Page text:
There’s no question that eSports has grown over the past few years — but it’s how it’s grown that’s the fascinating story. And two speakers today at the (a)list daily Video Summit in Hollywood focused on how marketable it’s becoming, especially with various partners and heavy talent on board.
First up was Andy Swanson, vice president of eSports for Twitch, who discussed the big numbers coming out of last week’s International tournament in Seattle, which generated an $18 million prize offering, and generated a live audience of 17,000 people (and even more so online). The winning team, Evil Geniuses, took home $6.6 million, one of the biggest prizes to date.
Swanson then broke down how much eSports is expected to grow over the next few years, with $3 billion in offered prizes by 2020 (up from the $1.1 billion estimate for 2017). These numbers make sense, especially considering that a recent League of Legends tournament managed to gain an audience of 32 million viewers — even higher than most events, like the NHL or NBA playoffs.
eSports breaks down into four categories: competition, entertainment, discovery and community, according to Swanson. It actually dates back to well before the age of the Internet, when pinball competitions and Street Fighter II fights gathered players from around the world to compete.
Audiences are expected to reach record numbers over the next few years as well. 44 million eSports fans are expected by 2017 for both North American and European markets, while the number will be even higher in Asia, to the tune of 76 million. While that seems insurmountable, keep in mind that many tournaments, like the ESPN-broadcasted Heroes of the Dorm and this summerâ€™s EVO 2015 fighting tournament, already have a tremendous following.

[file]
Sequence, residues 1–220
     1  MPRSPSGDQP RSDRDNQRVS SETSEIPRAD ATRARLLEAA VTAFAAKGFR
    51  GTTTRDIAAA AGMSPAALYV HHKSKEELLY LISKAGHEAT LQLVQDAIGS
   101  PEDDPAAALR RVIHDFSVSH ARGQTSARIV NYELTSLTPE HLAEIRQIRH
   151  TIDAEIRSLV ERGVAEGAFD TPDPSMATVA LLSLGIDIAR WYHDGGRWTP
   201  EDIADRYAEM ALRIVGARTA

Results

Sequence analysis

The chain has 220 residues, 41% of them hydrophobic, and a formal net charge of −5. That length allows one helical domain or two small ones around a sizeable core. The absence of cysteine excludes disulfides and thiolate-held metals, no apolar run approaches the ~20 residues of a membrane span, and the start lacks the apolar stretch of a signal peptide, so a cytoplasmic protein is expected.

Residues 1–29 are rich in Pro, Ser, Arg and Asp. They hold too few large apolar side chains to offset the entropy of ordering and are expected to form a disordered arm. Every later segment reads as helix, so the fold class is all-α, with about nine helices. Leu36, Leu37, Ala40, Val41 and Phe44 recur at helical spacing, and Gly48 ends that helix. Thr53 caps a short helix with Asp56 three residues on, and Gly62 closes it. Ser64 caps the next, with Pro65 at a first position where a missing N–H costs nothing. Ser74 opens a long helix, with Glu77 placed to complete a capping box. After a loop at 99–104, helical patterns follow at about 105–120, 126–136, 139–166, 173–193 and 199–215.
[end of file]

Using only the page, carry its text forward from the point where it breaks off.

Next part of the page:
There are several tiers to consider with the success of eSports, including a publisher/developer hosted eSports league (with Guild Wars 2 or League of Legends), which are broadcasted live on Twitch. These have been spectacularly popular, with 89 million spectators worldwide and 368 million total views on Twitch last year alone, with a total of 11 billion minutes viewed.
So how do brands get involved Swanson posed that question and explainedÂ that there are several factors. First, there are devoted media groups that follow the pursuit of eSports full time — kind of like an ESPN specific for the league. There’s also a package of various eSports type tournaments to cover, including DOTA 2, League of Legends and others. Premium event integration and sponsorship also play a part, whether it’s with the events themselves or with the teams that play in them, as Evil Geniuses and other players have no problem gaining partners to back them up. Swanson explained that branding opportunities can also play a part through live player registration, as opportunities to take part in events like the Halo World Championship present a chance to promote products even further while bringing in players. In-broadcast integration can also take a part of the action, and partners can host customized tournaments, like Mountain Dew and Lionsgate, with its action-thrilled John Wick.
Swanson specifically mentioned Duracell, a company that hosted a 26-hour long Madden football tournament to tie in with its 26-hour battery product at the time.
To conclude his part of the presentation, Swanson stated that viewership for eSports has grown stronger than ever over the past few years — and it’ll keep getting better.
Steve Fowler, head of global marketing for ArenaNet, followed, explaining the differences in eSports and talking about the power of the Guild War 2 tournaments, including one that recently took place at the Gamescom event in Cologne, Germany. He talked about the passion of players, and how their increased practice with the player vs. player (PvP) mode can help add more dollars to revenue. General play time for these players can range around 722 minutes, but with PvP integration, it grows even higher to 840 minutes.
Fowler then went into the drama that comes with competition, and how a player, Lord Helseth, drummed up intensity with a forthcoming contest by proclaiming a victory ahead of time. His team ended up being third, so after the event, he challenged another player, NoS, to an arm wrestling contest, only to have his arm broken as a result. The community also reacted quite well to non-gaming competition, as one player accidentally fell asleep with his stream still going — a humorous situation that the community was quick to jump in on.
The panel then concluded with a quick community discussion, and how some eSports players are so devoted to their job, they live in “gaming houses” where managers rent the space, enabling them to practice up for forthcoming events.
Yep, eSports are definitely on the up-and-up.